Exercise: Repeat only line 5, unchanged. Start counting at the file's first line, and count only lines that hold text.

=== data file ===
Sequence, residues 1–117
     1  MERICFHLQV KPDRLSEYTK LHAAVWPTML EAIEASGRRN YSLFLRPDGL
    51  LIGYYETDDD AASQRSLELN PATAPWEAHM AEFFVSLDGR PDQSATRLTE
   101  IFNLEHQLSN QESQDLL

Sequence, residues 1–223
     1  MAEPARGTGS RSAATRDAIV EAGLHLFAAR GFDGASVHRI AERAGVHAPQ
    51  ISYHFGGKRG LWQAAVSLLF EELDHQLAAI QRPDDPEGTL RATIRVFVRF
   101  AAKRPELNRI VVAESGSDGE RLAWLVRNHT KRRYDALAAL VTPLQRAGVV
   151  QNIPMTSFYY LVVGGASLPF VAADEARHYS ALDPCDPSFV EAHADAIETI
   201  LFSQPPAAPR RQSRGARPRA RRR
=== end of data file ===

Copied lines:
Sequence, residues 1–223